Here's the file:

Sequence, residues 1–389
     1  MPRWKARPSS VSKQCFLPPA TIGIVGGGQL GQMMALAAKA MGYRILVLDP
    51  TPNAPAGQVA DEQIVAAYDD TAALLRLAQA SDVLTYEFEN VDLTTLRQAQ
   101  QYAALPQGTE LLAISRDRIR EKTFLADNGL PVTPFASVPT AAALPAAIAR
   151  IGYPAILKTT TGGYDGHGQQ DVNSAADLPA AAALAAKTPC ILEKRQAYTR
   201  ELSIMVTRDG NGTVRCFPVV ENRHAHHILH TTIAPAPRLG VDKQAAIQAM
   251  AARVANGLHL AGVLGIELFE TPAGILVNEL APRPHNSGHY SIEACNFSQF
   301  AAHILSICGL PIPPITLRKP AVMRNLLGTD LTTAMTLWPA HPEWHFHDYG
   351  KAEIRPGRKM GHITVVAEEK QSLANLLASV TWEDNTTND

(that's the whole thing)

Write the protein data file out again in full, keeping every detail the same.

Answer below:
Sequence, residues 1–389
     1  MPRWKARPSS VSKQCFLPPA TIGIVGGGQL GQMMALAAKA MGYRILVLDP
    51  TPNAPAGQVA DEQIVAAYDD TAALLRLAQA SDVLTYEFEN VDLTTLRQAQ
   101  QYAALPQGTE LLAISRDRIR EKTFLADNGL PVTPFASVPT AAALPAAIAR
   151  IGYPAILKTT TGGYDGHGQQ DVNSAADLPA AAALAAKTPC ILEKRQAYTR
   201  ELSIMVTRDG NGTVRCFPVV ENRHAHHILH TTIAPAPRLG VDKQAAIQAM
   251  AARVANGLHL AGVLGIELFE TPAGILVNEL APRPHNSGHY SIEACNFSQF
   301  AAHILSICGL PIPPITLRKP AVMRNLLGTD LTTAMTLWPA HPEWHFHDYG
   351  KAEIRPGRKM GHITVVAEEK QSLANLLASV TWEDNTTND